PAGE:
Saied Muhammad Zareef Saleh, a 12 year-old Bangladeshi artist, has won one of the top prizes in the “Kids for Human Rights” international drawing competition.
United Nations and the Gabarron Foundation launched the competition earlier this year.
On December 10, Rhéal LeBlanc, chief of press and external relations unit of the UN Information Service in Geneva, announced the names of top nine young creative artists from Australia, Bangladesh, Bolivia, Canada, Iran, Portugal, Thailand and the United States.
Winners were declared in three categories, based on three separate themes.
Saleh submitted his drawing on the theme “How I can defend or promote human rights” and won the first prize in the category. The two other winners are -- Madie Crawshaw, 14, from Sydney, Australia, on the theme “A human right I feel strongly must be defended” and Adebola Adewale, 14, from Georgia, USA, on the theme “A human rights defender I admire.”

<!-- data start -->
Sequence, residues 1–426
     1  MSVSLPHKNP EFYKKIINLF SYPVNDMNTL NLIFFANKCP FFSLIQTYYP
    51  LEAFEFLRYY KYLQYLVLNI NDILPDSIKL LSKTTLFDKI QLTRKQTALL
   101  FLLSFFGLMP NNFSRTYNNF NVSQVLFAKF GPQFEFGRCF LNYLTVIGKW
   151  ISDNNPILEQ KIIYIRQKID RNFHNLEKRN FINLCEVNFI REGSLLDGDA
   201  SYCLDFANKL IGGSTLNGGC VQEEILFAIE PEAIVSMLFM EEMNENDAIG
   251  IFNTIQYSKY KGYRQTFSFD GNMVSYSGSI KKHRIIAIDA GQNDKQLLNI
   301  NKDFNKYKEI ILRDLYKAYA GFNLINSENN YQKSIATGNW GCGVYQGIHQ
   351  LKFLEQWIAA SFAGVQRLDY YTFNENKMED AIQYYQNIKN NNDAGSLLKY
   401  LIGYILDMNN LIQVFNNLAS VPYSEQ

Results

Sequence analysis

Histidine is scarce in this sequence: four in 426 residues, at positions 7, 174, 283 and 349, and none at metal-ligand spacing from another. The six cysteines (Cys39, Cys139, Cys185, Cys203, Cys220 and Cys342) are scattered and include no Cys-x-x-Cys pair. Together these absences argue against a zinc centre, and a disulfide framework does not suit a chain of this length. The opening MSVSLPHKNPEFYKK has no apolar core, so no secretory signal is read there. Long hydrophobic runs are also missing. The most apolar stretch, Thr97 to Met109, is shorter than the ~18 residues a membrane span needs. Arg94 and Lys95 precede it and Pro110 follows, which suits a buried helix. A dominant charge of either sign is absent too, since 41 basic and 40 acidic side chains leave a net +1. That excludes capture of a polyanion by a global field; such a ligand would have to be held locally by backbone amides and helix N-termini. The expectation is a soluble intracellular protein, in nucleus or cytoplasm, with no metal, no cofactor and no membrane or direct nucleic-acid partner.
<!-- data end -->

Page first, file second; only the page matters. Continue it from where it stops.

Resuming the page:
In an e-mail, LeBlanc wrote to Saleh, “The contest generated more than 17,000 entries from children around the world, so your achievement is something to be very proud of.”
Saleh's mother Nishat Naz Siddique is an engineer and father ARM Saleh is a deputy police commissioner. He is a sixth grader at Scholastica School in Dhaka.
The winners' creations will become part of the art collection of one of the first museums in the world dedicated to children's art, set up by the Gabarrón Foundation. Headquartered in Valladolid, Spain, the Queen Sofia Children's Art Museum houses a collection of 50,000 artworks produced by children from all over the world. A branch of it will open in Shanghai, China, in 2019.